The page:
Author Topic: Area of a Lattice Triangle  (Read 16853 times)

MrPuzzle

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Area of a Lattice Triangle
« on: 八月 31, 2004, 12:49:24 pm »
It seems we are in geometry mode this week, here's another geometry related puzzle.

A lattice point on the plane is a point where both x and y coordinates are integers. Prove the area of a triangle formed by any three lattice points is always equal to integer/2.

packman

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Area of a Lattice Triangle
« Reply #1 on: 八月 31, 2004, 03:02:20 pm »
Draw a rectangle that contains this triangle along the lattice (i.e. three points of the triangle are on the lines of rectangle). The area of the triangle is equal to the area of rectangle (integer) minus three 90 degree triangles (half integer).
简单==完美

MrPuzzle

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Area of a Lattice Triangle
« Reply #2 on: 九月 01, 2004, 07:49:30 am »
Since we are talking about any 3 lattice points, you may not be able to construct a lattice rectangle that contains all these 3 points on the edge.  Your idea still works, but need more explaination.

packman

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Area of a Lattice Triangle
« Reply #3 on: 九月 01, 2004, 08:18:47 am »
sure I can construct a rectangle (maybe I didn't explain clearly).
Assume 3 points are on an x-y plain, pick the points with the largest and the smallest y and draw 2 horizontal lines; pick the points with the largest and the smallest x and draw 2 vertical lines. These 4 lines make a rectangle, and it's area is integer x integer.
简单==完美

MrPuzzle

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Area of a Lattice Triangle
« Reply #4 on: 九月 01, 2004, 09:35:22 am »
Yes, you can construct a lattice rectangle to contain the triangle. But your original solution said that the 3 triangle lattice points are on the rectangle edge, from the way of your construction, I cannot see that happening.

packman

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Area of a Lattice Triangle
« Reply #5 on: 九月 01, 2004, 01:55:06 pm »
well, I guess I didn't explain clearly. :wink:
简单==完美

MrPuzzle

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Area of a Lattice Triangle
« Reply #6 on: 九月 01, 2004, 02:33:24 pm »
Which means your proof needs more explaination. It is obvious that your current proof doesn't apply to (0,0), (3,3), (2,1).  However, as I said before, your idea works, just need extra explaination for the details.

The reason I am being so difficult is that I have a solution in mind that doesn't require any rectangle stuff, and I am trying to convince myself there's no easier way. Your proof seems easier, but with extra explaination, it is not as clear as the proof I have in mind. :)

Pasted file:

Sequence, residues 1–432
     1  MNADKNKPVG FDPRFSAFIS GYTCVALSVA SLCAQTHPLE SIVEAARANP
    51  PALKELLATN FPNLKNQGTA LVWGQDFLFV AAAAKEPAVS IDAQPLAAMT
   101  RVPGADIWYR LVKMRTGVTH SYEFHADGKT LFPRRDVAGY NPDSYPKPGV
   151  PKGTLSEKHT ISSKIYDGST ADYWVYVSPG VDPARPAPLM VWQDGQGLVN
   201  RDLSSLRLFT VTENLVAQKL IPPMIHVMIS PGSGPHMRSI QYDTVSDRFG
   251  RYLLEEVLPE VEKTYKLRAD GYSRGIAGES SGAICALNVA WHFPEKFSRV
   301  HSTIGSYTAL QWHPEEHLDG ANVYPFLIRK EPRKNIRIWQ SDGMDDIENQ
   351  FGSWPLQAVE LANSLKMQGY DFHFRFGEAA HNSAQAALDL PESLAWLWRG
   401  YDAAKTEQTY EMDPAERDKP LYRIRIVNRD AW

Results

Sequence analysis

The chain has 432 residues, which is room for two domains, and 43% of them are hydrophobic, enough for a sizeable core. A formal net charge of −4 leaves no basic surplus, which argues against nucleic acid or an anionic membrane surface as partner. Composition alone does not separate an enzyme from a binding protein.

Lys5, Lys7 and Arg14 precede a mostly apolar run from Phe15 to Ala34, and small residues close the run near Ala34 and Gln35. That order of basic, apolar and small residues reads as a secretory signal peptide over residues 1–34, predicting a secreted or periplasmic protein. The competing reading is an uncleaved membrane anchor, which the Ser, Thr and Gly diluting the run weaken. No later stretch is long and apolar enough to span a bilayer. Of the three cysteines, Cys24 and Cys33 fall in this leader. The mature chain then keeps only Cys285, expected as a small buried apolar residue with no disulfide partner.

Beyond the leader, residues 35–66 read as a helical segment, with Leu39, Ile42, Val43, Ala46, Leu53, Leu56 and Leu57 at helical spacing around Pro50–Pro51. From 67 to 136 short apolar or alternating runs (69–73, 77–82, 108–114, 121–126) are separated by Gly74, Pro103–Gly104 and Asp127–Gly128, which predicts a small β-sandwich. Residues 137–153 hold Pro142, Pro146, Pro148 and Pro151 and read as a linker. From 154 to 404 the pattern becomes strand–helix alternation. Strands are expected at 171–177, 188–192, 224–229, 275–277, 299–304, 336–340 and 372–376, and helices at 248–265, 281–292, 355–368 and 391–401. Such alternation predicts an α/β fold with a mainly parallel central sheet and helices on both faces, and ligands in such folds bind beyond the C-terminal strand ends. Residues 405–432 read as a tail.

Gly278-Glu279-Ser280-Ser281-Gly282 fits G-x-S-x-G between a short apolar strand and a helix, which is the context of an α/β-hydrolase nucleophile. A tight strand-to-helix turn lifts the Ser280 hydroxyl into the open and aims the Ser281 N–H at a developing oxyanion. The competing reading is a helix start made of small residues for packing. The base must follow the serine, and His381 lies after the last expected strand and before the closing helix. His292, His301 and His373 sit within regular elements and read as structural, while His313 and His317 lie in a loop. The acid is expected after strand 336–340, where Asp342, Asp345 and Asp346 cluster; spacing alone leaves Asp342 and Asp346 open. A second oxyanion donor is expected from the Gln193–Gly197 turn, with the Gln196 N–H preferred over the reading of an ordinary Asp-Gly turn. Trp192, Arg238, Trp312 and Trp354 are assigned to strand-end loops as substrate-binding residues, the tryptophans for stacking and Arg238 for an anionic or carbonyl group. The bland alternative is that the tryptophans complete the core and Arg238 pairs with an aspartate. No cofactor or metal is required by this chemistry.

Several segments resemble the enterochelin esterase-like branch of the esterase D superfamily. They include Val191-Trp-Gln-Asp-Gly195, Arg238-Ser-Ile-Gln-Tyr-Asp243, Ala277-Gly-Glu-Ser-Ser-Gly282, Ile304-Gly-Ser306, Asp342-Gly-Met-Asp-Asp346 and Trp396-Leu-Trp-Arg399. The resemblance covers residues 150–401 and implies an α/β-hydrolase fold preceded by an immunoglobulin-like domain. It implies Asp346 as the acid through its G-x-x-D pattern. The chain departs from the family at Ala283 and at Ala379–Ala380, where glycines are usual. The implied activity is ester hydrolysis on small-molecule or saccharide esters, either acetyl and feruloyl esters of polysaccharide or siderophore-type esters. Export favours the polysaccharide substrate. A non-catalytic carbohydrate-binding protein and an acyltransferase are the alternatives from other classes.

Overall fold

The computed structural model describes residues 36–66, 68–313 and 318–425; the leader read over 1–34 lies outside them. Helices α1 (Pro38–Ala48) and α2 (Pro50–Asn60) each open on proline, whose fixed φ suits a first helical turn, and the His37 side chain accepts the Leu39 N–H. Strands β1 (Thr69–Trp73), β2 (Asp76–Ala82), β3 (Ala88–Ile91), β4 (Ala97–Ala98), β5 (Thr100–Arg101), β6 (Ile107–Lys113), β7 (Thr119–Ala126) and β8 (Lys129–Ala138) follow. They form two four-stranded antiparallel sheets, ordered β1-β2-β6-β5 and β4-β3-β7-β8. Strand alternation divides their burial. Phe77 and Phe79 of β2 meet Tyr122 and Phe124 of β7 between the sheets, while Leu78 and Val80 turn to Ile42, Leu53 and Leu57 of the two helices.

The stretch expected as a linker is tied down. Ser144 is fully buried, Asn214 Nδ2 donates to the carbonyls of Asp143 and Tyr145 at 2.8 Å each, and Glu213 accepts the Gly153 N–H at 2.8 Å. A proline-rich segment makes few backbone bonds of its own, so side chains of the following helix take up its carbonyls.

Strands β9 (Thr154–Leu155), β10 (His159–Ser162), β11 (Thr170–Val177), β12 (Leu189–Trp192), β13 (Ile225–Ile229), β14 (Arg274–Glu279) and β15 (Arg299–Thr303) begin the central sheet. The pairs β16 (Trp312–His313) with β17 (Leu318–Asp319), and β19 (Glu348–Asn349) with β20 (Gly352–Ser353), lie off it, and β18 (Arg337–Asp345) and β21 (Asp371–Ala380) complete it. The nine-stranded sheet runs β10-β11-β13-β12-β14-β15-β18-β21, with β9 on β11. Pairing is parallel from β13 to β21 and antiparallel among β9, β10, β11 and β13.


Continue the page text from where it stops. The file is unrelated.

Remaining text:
packman

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Area of a Lattice Triangle
« Reply #7 on: 九月 01, 2004, 02:49:50 pm »
Click the link here to see the picture. The area outside the triangle (but inside the rectangle) can be easily proved as half integer.
http://www.geocities.com/packman_at_cnd/math_problems/triangle.html
简单==完美

MrPuzzle

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Area of a Lattice Triangle
« Reply #8 on: 九月 01, 2004, 03:52:54 pm »
The first picture in your link was what I had in mind when I questioning your first post which claim all 3 points were on the rectangle edge.  With all these 3 pictures,  now I think your proof is solid.

Now, here's the proof I had in mind. We all know that the cross product of two vector equals the area of the parallelogram formmed by by these two vectors  A = AxB = |A|*|B|*sin(alpha). The area of the triangle is just half of the area of the parallelgram.  Also, we can always assume one of the points is the origin, thus, the cross product is equal to |x1*y2-x2*y1|, and the area is half of that.

sean

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A theorem related to this problem
« Reply #9 on: 九月 05, 2004, 10:36:39 am »
Mr. Puzzle, your proof is just  the analytic geometry proof.    A famous theorem (called Picard theorem?) in elmentary geometry states that the area of a polygon (convex or not) equals
       
         number of lattice points inside the polygon
     + half of number of lattice points on the boundary of the polygon
     -1


For instance, the area of the triangle formed by <0, 0>, <1, 0>, and <0, 1> is 1/2.

Packman's method can be easily modified to prove this.

万精油

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Area of a Lattice Triangle
« Reply #10 on: 九月 07, 2004, 09:26:22 am »
Picard's theorem is about complex entire functions, very deep and hard, way beyond this forum. The theorem you are talking about is called Pick's theorem.  As you said, Packman's proof can be edited to prove Pick's theorem. it can also be proved using induction.